People will always want to gaze at young attractive types. There is nothing intrinsically wrong with that. However there is more to life than beauty and sexuality. It would be refreshing if our entertainment could reflect life across all its stages.  I hate myself for agreeing with Russel Crowe but I was nodding along when he said “The point is, you do have to be prepared to accept that there are stages in life. So I can’t be the Gladiator forever.” It would be nice if the Hollywood machine, the media at large and audiences shared Russell view.

In the meantime there’s an non retouched photo of super model Cindy Crawford currently floating around the interwebs. As one of the original set of supermodels Cindy Crawford was the standard to which mere mortal women could never live up to. Even Cindy a symbol of unearthly beauty has aged.

Even supermodels age so there's no hope for the rest of us.

Even supermodels age so there’s no hope for the rest of us.


If Cindy Crawford can’t hold back the years forever there’s no hope for any of us. Aging is part of life. Get used to it.

I don’t wish to criticize Renee, Uma or even Bruce Jenner for choosing cosmetic help but I do question the values of a society where people feel they need to do it to keep their careers.

Aging? Can you deal with it on screen and in real life?








21 thoughts on “About Face

  1. That photo of Cindy Crawford has just made me feel a whole lot better. There should be more real images put out there so we can stop torturing ourselves and reaching for impossible ideals. And yes, the focus should be on our minds.

  2. I find it so sad that beautiful women like Renee and Uma feel the need to go down the cosmetic surgery path (if indeed that’s what they did – sure looks that way). How did it get to the stage that how they look completely overshadows their talents for acting, philanthropy, motherhood and other important pursuits? Too much surgery and it will backfire. They’ll be remembered more for that than the reason they were in the industry in the first place. I have a friend who was getting botox done in her late 20s because she was scared of wrinkles. We’re getting more messed up as a society each day.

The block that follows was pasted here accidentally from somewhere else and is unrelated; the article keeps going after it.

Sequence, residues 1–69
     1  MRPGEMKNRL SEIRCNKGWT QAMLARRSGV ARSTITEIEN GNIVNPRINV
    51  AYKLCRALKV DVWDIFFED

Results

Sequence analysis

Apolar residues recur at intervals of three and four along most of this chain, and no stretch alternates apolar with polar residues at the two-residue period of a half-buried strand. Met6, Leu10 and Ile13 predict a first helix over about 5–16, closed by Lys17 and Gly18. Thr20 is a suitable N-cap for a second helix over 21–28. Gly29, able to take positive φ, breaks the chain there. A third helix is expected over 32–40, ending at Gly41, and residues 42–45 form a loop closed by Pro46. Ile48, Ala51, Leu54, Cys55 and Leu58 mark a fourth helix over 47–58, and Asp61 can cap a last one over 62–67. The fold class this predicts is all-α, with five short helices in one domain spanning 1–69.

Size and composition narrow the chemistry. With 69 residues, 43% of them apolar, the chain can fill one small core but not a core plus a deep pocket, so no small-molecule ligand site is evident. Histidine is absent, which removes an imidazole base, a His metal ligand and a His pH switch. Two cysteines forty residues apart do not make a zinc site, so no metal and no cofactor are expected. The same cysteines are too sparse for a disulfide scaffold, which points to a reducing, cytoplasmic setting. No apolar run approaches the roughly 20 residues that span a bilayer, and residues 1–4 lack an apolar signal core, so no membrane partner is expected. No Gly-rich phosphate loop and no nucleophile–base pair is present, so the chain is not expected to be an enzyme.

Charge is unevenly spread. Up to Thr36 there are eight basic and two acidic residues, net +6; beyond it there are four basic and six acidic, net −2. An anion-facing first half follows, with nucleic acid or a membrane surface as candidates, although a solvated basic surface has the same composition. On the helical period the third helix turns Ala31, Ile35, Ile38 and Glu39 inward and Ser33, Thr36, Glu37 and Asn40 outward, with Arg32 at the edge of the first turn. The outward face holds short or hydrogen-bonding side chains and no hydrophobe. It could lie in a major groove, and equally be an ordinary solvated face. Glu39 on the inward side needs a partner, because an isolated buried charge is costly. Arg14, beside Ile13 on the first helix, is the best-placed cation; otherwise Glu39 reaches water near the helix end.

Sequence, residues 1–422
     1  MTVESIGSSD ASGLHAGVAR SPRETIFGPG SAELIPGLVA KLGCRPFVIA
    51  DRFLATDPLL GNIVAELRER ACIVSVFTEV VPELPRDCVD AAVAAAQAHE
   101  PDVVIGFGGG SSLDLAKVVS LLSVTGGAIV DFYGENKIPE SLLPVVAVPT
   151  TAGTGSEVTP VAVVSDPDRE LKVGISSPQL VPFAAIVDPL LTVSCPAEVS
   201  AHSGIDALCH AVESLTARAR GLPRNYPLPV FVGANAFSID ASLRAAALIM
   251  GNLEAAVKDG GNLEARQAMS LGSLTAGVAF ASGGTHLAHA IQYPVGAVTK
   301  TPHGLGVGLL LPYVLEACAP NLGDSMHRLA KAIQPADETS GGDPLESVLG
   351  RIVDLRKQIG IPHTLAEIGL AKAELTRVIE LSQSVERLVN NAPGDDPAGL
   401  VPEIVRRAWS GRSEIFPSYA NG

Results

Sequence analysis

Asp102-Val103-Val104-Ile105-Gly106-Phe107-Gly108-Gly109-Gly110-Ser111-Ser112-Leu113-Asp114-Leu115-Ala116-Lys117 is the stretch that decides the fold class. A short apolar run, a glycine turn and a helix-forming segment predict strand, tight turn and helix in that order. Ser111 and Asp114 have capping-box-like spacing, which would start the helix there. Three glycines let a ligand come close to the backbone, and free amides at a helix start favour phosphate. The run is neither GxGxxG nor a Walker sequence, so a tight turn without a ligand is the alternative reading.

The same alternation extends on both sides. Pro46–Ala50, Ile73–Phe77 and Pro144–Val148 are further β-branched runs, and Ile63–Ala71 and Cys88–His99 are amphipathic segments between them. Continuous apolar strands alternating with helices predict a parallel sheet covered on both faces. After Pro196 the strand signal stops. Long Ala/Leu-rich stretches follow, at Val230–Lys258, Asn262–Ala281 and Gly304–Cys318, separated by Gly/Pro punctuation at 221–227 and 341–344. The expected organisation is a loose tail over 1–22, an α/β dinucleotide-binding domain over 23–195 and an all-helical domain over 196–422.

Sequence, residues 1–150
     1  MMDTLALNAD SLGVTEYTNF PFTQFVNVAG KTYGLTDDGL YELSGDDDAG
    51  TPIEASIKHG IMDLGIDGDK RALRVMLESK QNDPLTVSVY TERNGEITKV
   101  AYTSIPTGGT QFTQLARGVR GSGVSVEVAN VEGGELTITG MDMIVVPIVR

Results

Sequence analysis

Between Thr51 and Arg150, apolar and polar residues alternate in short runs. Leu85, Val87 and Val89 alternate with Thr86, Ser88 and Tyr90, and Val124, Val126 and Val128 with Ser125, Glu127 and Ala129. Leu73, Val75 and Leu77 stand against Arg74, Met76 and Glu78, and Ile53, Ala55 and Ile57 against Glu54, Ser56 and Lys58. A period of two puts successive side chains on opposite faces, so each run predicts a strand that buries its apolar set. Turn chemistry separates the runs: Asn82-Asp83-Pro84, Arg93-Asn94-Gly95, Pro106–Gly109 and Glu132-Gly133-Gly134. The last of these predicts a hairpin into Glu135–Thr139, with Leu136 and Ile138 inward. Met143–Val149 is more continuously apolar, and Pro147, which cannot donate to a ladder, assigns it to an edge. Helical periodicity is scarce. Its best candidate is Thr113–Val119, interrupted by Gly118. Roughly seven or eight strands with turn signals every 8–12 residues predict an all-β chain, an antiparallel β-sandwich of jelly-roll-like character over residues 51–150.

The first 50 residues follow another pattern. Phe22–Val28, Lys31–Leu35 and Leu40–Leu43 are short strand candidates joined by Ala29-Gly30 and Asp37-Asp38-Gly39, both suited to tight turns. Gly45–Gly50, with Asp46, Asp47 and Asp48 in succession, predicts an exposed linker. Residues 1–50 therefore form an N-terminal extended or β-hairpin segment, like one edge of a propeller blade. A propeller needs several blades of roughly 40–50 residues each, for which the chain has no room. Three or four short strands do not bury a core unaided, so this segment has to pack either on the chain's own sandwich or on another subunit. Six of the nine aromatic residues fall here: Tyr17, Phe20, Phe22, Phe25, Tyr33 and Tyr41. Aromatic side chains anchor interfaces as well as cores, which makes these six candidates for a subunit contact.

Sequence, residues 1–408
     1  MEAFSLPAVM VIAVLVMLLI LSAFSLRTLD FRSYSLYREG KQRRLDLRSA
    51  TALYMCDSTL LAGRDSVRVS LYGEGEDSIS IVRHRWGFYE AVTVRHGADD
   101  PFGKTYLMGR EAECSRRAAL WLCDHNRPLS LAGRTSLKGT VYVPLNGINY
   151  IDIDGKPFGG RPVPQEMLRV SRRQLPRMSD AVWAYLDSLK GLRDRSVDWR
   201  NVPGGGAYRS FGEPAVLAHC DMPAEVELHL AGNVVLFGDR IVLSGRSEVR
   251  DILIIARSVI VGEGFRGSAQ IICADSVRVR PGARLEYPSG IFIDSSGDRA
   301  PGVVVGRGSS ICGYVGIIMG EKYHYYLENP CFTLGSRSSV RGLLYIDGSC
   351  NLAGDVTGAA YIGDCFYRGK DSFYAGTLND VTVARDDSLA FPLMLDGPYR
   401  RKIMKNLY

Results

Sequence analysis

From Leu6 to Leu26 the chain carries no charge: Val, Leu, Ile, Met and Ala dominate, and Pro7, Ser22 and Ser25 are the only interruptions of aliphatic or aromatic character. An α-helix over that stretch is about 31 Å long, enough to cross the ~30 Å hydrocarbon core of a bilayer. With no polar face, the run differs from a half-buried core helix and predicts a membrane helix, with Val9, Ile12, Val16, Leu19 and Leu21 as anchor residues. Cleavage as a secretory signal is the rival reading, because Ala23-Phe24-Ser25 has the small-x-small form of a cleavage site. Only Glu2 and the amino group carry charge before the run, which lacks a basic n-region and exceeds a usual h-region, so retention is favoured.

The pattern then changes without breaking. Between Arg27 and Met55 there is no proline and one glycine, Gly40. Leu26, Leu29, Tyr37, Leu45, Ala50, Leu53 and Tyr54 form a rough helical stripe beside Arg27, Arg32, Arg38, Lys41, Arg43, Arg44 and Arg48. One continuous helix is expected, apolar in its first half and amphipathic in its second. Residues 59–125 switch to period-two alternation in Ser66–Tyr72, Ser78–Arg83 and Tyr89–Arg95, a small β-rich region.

3. I’m so sick of the world paying so much attention to how ‘famous’ people look – get a life already. Too many people buy this shit in magazines and until they stop the printing world won’t stop analysing faces and bodies!

  4. There was a mother at the pool with her tot, and she’d had a boob job, lips done and something else done to her face (which I couldn’t quite place, so no doubt botox wearing off, or cheek bones maybe) and I found I kept staring at her. She didn’t look bad but there was something ‘odd’ – it just didn’t look real. That’s my thing, it just becomes something that I end up staring at (like my brain is saying ‘what’s wrong with this picture?’ and trying to puzzle it out.

    For the record, I like my Hollywood leads a little older – at Kingsman, the young star was just distracting from Mark Strong, in my opinion. And if they made Daniel Dae Kim a lead, it would be the best movie ever. So yes, people are always perving at the newer younger models but us old people still go to the movies a lot, and we need people to perv at too!!